We prove this theorem below. Choosing $\alpha = \frac{1}{2}, \beta = \frac{1}{4}$ verifies Sandor’s result \eqref{eq:Sandor}. But choosing $\alpha = \frac{1}{2}, \beta = \frac{1}{2} – \epsilon$ for a small $\epsilon > 0$ gives stronger results.

This theorem leads naturally to the following conjecture.

Conjecture

For any $0 \leq \alpha < 1$, there exists a constant $C(\alpha)$ such that

p_{n+1}^\alpha – p_{n}^\alpha \leq C(\alpha)

for all $n$.

A simple heuristic argument, given in the last section below, shows that this Conjecture follows from Cramer’s Conjecture.

It is interesting to note that there are generalizations of Andrica’s Conjecture. One can ask what the smallest $\gamma$ is such that

p_{n+1}^{\gamma} – p_n^{\gamma} = 1

has a solution. This is known as the Smarandache Conjecture, and it is believed that the smallest such $\gamma$ is approximately

\gamma \approx 0.5671481302539\ldots

The digits of this constant, sometimes called “the Smarandache constant,” are the contents of sequence A038458 on the OEIS. It is possible to generalize this question as well.

Open Question

For any fixed constant $C$, what is the smallest $\alpha = \alpha(C)$ such that

p_{n+1}^\alpha – p_n^\alpha = C

has solutions? In particular, how does $\alpha(C)$ behave as a function of $C$?

This question does not seem to have been approached in any sort of generality, aside from the case when $C = 1$.

## Proof of Theorem

The idea of the proof is very straightforward. We estimate \eqref{eq:main} across prime pairs $p, p+246$, relying on the recent proof from Polymath8 that infinitely many such primes exist.

Fix $\alpha, \beta \geq 0$ with $\alpha + \beta < 1$. Applying the mean value theorem of calculus on the function $x \mapsto x^\alpha$ shows that
\begin{align}
p^\beta \big( (p+246)^\alpha – p^\alpha \big) &= p^\beta \cdot 246 \alpha q^{\alpha – 1} \\\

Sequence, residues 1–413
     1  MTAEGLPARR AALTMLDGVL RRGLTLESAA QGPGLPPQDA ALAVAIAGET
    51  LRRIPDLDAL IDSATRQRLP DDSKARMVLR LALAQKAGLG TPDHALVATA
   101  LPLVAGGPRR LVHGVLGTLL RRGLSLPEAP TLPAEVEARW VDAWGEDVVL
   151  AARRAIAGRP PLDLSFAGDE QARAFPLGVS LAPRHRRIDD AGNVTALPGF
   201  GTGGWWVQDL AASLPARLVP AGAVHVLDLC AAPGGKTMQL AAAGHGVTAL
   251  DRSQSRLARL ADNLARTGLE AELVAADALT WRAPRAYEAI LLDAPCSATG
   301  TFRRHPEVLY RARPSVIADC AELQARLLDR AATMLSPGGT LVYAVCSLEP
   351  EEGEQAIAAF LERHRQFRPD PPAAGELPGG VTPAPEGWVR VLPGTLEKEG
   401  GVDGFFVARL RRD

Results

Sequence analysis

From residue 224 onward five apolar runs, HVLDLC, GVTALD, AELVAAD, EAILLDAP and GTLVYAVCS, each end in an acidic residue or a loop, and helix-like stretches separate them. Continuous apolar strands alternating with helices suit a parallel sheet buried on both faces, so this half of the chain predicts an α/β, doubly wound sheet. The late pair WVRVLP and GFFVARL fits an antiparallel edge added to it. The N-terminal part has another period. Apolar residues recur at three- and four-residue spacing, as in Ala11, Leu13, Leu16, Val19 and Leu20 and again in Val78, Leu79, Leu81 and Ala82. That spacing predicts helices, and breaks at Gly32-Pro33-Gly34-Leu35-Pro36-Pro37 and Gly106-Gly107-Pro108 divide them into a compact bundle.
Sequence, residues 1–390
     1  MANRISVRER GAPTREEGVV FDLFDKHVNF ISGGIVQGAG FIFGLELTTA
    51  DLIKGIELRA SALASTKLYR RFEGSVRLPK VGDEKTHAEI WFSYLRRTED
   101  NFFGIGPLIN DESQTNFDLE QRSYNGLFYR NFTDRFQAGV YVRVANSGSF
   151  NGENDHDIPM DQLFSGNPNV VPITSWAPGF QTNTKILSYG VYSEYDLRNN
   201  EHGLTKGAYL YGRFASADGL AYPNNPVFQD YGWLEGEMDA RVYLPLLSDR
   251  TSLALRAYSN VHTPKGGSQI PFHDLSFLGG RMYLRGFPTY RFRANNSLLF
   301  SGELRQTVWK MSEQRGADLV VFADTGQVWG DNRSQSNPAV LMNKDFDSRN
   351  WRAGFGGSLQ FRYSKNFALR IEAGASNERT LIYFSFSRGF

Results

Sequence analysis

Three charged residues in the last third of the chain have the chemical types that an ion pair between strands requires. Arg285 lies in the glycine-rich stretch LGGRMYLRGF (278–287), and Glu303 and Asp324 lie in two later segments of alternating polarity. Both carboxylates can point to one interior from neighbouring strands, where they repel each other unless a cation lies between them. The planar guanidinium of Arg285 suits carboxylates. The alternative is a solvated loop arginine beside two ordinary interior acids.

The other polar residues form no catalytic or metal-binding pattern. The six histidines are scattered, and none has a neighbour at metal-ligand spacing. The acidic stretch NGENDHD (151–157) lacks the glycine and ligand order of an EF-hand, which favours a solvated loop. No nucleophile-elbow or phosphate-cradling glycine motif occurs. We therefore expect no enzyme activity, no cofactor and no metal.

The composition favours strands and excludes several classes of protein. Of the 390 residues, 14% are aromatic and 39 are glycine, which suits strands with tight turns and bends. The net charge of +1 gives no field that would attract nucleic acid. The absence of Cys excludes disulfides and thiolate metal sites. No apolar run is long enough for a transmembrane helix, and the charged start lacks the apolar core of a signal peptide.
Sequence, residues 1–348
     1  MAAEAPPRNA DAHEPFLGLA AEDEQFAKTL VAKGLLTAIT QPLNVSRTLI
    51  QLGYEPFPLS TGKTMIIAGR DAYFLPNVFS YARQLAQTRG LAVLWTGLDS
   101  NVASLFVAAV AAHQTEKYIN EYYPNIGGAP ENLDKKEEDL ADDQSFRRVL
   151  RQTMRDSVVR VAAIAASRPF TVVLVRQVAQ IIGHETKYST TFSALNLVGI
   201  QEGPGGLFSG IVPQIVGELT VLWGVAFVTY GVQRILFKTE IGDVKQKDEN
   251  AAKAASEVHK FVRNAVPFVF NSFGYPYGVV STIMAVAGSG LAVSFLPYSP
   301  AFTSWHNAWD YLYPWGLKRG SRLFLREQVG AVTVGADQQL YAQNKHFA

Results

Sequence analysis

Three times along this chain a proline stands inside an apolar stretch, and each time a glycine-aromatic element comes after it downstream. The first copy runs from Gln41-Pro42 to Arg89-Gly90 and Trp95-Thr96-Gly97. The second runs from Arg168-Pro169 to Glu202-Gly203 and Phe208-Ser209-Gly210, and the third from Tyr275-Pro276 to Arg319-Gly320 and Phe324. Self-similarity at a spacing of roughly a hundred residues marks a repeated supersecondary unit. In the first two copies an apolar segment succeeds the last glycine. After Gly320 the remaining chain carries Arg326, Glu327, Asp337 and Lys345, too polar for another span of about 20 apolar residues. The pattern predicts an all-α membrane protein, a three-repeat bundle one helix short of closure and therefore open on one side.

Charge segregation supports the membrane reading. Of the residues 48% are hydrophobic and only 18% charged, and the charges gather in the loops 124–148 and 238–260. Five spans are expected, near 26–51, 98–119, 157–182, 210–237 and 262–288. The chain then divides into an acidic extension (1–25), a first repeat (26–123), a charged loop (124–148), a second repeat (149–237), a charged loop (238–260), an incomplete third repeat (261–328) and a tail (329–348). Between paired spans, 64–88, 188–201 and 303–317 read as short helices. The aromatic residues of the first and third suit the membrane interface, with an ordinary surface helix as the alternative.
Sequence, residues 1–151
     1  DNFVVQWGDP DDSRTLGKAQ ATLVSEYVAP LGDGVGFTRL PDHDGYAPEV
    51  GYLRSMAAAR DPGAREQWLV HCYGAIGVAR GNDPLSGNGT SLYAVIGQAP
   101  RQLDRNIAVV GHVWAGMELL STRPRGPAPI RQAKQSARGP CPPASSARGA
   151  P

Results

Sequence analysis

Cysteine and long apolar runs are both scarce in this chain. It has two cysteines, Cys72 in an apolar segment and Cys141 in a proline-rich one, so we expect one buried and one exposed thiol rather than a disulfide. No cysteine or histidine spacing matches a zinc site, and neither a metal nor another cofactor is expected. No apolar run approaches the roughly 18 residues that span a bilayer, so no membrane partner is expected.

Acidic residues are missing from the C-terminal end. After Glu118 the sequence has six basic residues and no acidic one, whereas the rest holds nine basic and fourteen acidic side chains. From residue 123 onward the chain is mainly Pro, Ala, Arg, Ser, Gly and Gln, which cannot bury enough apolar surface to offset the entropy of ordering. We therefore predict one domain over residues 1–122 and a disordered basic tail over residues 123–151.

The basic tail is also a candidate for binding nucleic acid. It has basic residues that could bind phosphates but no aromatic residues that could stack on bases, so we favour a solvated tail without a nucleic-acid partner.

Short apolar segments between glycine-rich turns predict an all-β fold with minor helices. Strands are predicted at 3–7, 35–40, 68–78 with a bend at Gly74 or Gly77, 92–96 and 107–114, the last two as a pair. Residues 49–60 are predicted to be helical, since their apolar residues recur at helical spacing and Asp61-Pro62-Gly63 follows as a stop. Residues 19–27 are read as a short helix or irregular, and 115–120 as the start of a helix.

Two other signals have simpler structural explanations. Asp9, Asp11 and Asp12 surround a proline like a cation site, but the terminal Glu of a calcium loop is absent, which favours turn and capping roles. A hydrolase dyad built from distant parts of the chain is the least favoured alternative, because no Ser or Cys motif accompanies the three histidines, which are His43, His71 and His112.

&\leq p^\beta \cdot 246 \alpha p^{\alpha – 1} = 246 \alpha p^{\alpha + \beta – 1}, \label{eq:bound}
\end{align}
for some $q \in [p, p+246]$. Passing to the inequality in the second line is done by realizing that $q^{\alpha – 1}$ is a decreasing function in $q$. As $\alpha + \beta – 1 < 0$, as $p \to \infty$ we see that\eqref{eq:bound} goes to zero.

Therefore

\liminf_{n \to \infty} p_n^\beta (p_{n+1}^\alpha – p_n^\alpha) = 0,

as was to be proved.

## Further Heuristics

Cramer’s Conjecture states that there exists a constant $C$ such that for all sufficiently large $n$,

p_{n+1} – p_n < C(\log n)^2.

Thus for a sufficiently large prime $p$, the subsequent prime is at most $p + C (\log p)^2$. Performing a similar estimation as above shows that

(p + C (\log p)^2)^\alpha – p^\alpha \leq C (\log p)^2 \alpha p^{\alpha – 1} =
C \alpha \frac{(\log p)^2}{p^{1 – \alpha}}.

As the right hand side vanishes as $p \to \infty$, we see that it is natural to expect that the main Conjecture above is true. More generally, we should expect the following, stronger conjecture.

Conjecture’

For any $\alpha, \beta \geq 0$ with $\alpha + \beta < 1$, there exists a constant $C(\alpha, \beta)$ such that

p_n^\beta (p_{n+1}^\alpha – p_n^\alpha) \leq C(\alpha, \beta).